Most of us have been told since childhood that one must do running or walking or you will be overweight. Newspapers are flooded with chronicles of “nutritionists” and “fitness experts” who invite us to work out or train more to lose weight.
However, there are individuals who train at the gym for six days a week and run a mil a day in the woods and still never lose weight? And is it no one ever wondered a little why the local fitness instructor is bits flabby, even though he is almost training like a squirrel? Therefore, your training might be not as effective to lose weight.
One of America’s most distinguished professors in training research, Eric Ravussin at the University of Louisiana, recently told Time magazine that: “In general, exercising to lose weight is rather pointless.” The fact is that more and more recently published studies of weight loss indicated that strenuous exercise is not close to being as effective as people are led to believe through advertising and self-proclaimed experts in weight loss.
Although burning workout calories (though not nearly as much as you might think), also stimulates hunger. The increased appetite associated with exercise may lead to the intake of excessive calories mostly unconsciously than you would otherwise have done. This in turn hinders weight loss to occur or even gain weight.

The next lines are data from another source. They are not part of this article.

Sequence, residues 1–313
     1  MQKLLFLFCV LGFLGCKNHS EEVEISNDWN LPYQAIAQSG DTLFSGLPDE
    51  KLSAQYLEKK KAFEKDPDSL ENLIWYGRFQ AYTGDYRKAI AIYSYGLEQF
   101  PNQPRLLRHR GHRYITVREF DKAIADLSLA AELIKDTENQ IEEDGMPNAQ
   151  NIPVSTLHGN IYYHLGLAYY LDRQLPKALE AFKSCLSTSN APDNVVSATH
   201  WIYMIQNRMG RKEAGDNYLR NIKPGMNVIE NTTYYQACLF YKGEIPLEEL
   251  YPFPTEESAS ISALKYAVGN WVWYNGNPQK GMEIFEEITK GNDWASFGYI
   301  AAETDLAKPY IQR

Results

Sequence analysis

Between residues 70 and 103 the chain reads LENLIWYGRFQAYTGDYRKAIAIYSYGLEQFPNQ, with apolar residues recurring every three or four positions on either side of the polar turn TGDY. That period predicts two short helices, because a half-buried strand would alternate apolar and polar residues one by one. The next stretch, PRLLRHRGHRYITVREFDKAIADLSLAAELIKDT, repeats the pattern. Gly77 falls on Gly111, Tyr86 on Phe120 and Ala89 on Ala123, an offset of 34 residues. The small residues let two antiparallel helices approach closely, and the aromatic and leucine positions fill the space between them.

How many treat themselves with a kebab or candy after exercise? This comes from an overestimation of the amount of calories you burnt off with running on the treadmill and then to eat as much or more than what you burnt. Even more problematic are those who are not even aware that their training leads to increased appetite and do not have an awareness of how many calories different foods contain, or how much energy they really need to eat. Another problem is that intense exercise may put the body’s fat burning system to go on the backburner. It isn’t that you must not workout. It is important to train your muscles and heart. However, one must not be incorrect and contain poor understanding about his actual calorie intake.
Oxygen uptake, effective stress management, balance, flexibility, injury prevention, and reversal of muscle loss associated with weight loss are just a few of the really good reasons why you should train but not insanely. But do not think you automatically lose the abundance fat just because you keep running. As someone said, “muscles are made in the kitchen, not the gym.”